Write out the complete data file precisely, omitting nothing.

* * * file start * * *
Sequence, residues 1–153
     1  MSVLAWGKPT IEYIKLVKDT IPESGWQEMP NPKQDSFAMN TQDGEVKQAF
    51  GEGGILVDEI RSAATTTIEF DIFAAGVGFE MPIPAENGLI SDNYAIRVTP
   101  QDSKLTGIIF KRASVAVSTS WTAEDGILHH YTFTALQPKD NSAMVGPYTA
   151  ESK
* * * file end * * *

Sequence, residues 1–153
     1  MSVLAWGKPT IEYIKLVKDT IPESGWQEMP NPKQDSFAMN TQDGEVKQAF
    51  GEGGILVDEI RSAATTTIEF DIFAAGVGFE MPIPAENGLI SDNYAIRVTP
   101  QDSKLTGIIF KRASVAVSTS WTAEDGILHH YTFTALQPKD NSAMVGPYTA
   151  ESK